Is Loyola Maryland as conservative as Niche says?

Niche ranks Loyola MD as #71 of most conservative colleges. I don’t know much about it and we didn’t get a chance to visit but that seems extreme. (Loyola Chicago by contrast is #87 most liberal).

Loyola MD was the only application my son submitted that asked for your pronouns for example. Good sign for a catholic school that it’s maybe not one of the most conservative colleges in the country.

Thoughts, experience there?

1 Like

I don’t have specific experience, but the Jesuit culture and philosophy of any Jesuit school would move it away from super “conservative” in my experience and knowledge. Jesuit philosophy is rather liberal and accepting, more so than a Catholic college.

My son applied to Loyola MD and while we also didn’t visit (it was a bit down on his list, not for any particular reason), I never came across info about it being strongly conservative. We did visit Loyola Chicago, twice, and also didn’t get a strongly liberal vibe there. So I would take those Niche rankings with a grain of salt. Especially since it has placed these two Jesuit schools on opposite sides of the conservative/liberal spectrum.

2 Likes

My husband and I are both Loyola Maryland alums. And our S21 has applied EA. Loyola Maryland is his top choice. We are trying to be all chill about that. Really. I swear. :innocent:

First, to clarify what @TS0104 said above, Jesuit colleges are Catholic colleges. Jesuits are an order of Catholic priests who have historically focused on service and education. The current pope is a Jesuit (the first one from the order to be pope) and he is causing a bit of controversy by expressing what some more conservative Catholics consider to be “liberal” views.

The thing about Catholic colleges (even the more liberal Jesuit ones) is that they often attract Catholic-identifying students, who can be on all points of the liberal/conservative scale. So you often have a mix of viewpoints on campus. Perhaps this is where the conservative thing comes from.

Jesuit schools all hold the same values and mission. However, Loyola Chicago is also significantly larger than Loyola Maryland and in a much larger city. But we’re talking about Niche. So, I wouldn’t really worry about it.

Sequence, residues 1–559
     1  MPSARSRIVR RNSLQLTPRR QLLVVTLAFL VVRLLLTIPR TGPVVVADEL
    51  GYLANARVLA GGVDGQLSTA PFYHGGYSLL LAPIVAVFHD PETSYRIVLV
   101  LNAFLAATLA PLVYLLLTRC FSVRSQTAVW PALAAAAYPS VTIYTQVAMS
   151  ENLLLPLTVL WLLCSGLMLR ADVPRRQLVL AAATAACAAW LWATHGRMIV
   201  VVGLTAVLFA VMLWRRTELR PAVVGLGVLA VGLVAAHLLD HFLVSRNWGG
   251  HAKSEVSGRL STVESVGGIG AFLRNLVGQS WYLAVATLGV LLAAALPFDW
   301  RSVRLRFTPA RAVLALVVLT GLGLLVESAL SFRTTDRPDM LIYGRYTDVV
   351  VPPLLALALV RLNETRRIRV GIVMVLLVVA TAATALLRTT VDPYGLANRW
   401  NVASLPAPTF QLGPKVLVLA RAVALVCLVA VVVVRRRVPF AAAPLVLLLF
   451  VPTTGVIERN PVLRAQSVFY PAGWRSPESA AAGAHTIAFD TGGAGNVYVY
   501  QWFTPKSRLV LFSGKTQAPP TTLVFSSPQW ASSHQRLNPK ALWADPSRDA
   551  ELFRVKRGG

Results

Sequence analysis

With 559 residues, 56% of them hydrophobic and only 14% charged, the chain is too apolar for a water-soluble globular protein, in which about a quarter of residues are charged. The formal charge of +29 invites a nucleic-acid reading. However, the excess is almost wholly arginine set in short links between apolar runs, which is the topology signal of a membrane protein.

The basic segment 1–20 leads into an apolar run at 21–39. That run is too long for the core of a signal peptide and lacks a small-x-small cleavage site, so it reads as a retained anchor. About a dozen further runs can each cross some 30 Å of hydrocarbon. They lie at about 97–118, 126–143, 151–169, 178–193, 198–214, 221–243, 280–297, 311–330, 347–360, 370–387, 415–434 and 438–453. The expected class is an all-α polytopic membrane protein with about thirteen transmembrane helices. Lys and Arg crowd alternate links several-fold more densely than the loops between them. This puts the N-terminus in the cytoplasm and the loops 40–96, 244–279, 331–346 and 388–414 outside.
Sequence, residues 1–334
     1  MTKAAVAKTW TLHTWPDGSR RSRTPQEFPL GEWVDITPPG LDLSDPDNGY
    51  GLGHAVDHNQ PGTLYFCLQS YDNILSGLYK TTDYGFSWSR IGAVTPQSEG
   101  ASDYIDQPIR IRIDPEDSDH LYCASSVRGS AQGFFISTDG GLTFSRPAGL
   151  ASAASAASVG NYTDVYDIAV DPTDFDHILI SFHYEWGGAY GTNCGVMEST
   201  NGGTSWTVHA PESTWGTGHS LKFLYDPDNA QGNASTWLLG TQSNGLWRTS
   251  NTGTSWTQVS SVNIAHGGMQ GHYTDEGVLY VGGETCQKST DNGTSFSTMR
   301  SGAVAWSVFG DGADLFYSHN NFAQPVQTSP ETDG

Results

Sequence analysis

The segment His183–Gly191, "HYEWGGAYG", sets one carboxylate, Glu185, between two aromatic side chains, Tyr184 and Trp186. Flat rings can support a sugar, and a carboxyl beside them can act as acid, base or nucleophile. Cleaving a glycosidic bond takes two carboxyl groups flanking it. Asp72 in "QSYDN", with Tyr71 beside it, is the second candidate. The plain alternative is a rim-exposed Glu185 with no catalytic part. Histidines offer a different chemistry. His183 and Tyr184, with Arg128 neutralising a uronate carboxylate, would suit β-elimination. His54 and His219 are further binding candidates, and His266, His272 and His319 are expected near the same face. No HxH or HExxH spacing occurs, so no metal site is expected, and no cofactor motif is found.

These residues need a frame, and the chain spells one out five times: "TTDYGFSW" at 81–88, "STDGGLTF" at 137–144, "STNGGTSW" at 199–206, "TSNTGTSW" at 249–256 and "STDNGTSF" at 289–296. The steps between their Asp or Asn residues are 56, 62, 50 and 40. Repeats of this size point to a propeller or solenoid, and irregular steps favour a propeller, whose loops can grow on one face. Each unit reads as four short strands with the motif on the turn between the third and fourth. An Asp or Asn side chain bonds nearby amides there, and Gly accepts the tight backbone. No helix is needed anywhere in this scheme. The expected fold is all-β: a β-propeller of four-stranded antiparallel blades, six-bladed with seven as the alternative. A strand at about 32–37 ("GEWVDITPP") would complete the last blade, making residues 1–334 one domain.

6 Likes

Good luck to your son making the right decision :joy:
I totally get the draw for Catholic kids, and my son is completely happy with a religiously oriented school, he prefers a mix of ideas rather than being surrounded by people who think just like him (I mean no one does!) so long as the culture is truly inclusive and lefties are not a secret enclave hiding in the basements. No other Jesuit school on the coasts seem to be even ON the list of most conservative so it struck me.
Then the contrast of the application asking for his pronouns (which he appreciated) made wonder what was up.
We’ll see what happens, what are your favorite things about Loyola MD? If he’s not a partying jock (quirky music loving dreamer with an analytic edge for spice) will he find his people?

Back in the day, I specifically looked at smaller schools that didn’t have football teams or greek life. But I didn’t mind a little preppy around me even though I wore combat boots. Loyola Maryland was a great fit and on the Amtrak line, about four hours from my New England hometown.

It has it’s share of jocks. Lacrosse is big in Maryland. And Loyola Maryland is a big lax school. The annual game against Hopkins is an event. There was definitely partying and bar hopping back in my day, as would be expected with an urban college. Assuming it is still the same now. But there are all sorts of students with all sorts of interests. The non-partiers can find other non-partiers to hang with.

That’s the great thing about going to college in a smaller city like Baltimore. There is so much to do on and off campus but it feels manageable. Non-partiers have the city at their beck and call. And can find other people to join them in exploring. The city is just as much part of the campus.

One cool thing that exists now that didn’t back in my day is that there is a free bus service that runs between Loyola, Hopkins, Towson U, Goucher, and the train station. Although, Loyola and Hopkins are within walking distance of each other. We went to a lot of events and concerts at Hopkins. And the other schools actually.